|Predicted Air Quality Index (AQI) for the Loveland Area|
|Unhealthy for Sensitive Groups|
Health Message: Active children and adults, and people with lung disease, such as asthma, should reduce prolonged or heavy exertion outdoors.
Reduce prolonged or heavy outdoor exertion. Take more breaks, do less intense activities. Watch for symptoms such as coughing or shortness of breath. Schedule outdoor activities in the morning when ozone is lower.
People with asthma should follow their asthma action plans and keep quick relief medicine handy.
Do Your Share!
- Carpool, bike or walk instead of driving.
- Use your most fuel efficient vehicle and drive gently.
- Keep your motorcycle in the garage. They don’t have the pollution controls modern passenger vehicles do.
- Refuel your vehicle after 8 PM; do not top off when refueling and tighten the gas cap.
- Avoid idling your vehicle. (Avoid drive-thru windows.)
- Combine trips and eliminate unnecessary vehicle trips
- Do not use of gasoline-powered lawn equipment
- Do not use of oil-based paints and stains
- Never burn leaves or other yard trimmings.
- Do not use fire pits.
- Conserve electricity by turning off unnecessary lights.
- Turn your air conditioner thermostat up and use room fans for cooling.
- Save the power boating for another day.
- Initiate an Air Pollution Alert Day policy where you work; whether that be a company you own, an employee, a local government agency you work for, or a school district.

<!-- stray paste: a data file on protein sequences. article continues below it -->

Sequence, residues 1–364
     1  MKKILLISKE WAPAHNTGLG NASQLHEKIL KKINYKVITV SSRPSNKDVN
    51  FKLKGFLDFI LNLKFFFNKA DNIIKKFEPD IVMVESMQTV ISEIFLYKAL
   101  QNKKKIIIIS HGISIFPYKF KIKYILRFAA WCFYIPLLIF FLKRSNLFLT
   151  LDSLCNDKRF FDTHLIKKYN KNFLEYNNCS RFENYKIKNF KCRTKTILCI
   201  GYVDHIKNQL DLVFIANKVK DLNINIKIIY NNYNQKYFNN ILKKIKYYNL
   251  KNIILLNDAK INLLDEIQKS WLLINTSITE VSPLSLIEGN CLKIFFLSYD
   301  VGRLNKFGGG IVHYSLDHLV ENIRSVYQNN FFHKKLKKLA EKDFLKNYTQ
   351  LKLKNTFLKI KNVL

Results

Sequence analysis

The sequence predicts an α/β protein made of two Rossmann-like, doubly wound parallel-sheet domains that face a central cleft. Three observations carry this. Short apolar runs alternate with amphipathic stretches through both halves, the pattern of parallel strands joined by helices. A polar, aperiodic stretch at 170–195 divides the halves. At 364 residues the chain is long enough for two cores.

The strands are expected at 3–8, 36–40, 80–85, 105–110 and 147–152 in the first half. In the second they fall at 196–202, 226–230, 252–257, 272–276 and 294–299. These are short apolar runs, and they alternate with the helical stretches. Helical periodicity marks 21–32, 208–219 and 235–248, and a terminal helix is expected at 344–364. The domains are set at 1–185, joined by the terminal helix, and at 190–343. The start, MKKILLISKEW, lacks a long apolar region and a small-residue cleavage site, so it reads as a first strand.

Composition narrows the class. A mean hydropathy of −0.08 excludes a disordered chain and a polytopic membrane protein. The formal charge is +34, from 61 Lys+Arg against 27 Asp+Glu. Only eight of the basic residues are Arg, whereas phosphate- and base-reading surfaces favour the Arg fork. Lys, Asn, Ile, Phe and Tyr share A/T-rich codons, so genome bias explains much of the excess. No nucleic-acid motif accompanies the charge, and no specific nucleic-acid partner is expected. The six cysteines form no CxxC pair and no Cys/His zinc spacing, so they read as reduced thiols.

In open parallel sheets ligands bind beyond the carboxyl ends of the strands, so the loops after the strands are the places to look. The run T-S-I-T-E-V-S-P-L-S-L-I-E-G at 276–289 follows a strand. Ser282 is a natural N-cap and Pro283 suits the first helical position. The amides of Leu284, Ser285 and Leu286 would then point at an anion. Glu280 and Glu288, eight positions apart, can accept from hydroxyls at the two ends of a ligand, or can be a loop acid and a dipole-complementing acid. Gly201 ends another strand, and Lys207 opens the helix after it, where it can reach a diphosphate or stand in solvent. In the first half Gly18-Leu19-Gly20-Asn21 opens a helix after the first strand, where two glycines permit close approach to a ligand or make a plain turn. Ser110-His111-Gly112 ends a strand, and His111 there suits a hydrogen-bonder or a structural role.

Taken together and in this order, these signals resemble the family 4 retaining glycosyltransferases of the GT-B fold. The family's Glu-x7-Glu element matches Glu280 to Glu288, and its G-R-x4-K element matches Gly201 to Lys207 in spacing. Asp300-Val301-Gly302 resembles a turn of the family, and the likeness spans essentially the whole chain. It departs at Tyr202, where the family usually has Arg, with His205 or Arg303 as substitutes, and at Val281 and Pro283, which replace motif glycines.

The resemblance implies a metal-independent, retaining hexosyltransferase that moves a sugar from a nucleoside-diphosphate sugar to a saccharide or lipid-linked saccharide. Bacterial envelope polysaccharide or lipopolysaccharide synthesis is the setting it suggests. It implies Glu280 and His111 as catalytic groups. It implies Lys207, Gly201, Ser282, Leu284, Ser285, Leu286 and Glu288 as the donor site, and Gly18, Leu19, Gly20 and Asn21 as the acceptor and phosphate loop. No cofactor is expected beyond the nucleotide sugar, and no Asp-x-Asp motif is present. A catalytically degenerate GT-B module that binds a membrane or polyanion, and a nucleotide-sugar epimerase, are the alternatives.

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Children and Air Pollution
Children face special risks from air pollution because their lungs are growing and because they are so active and breathe in a great deal of air.
Just like the arms and legs, the largest portion of a child’s lungs will grow long after he or she is born. Eighty percent of their tiny air sacs develop after birth. Those sacs, called the alveoli, are where the life-sustaining transfer of oxygen to the blood takes place. The lungs and their alveoli aren’t fully grown until children become adults. In addition, the body’s defenses that help adults fight off infections are still developing in young bodies. Children have more respiratory infections than adults, which also seems to increase their susceptibility to air pollution.
Furthermore, children don’t behave like adults, and their behavior also affects their vulnerability. They are outside for longer periods and are usually more active when outdoors. Consequently, they inhale more polluted outdoor air than adults typically do.
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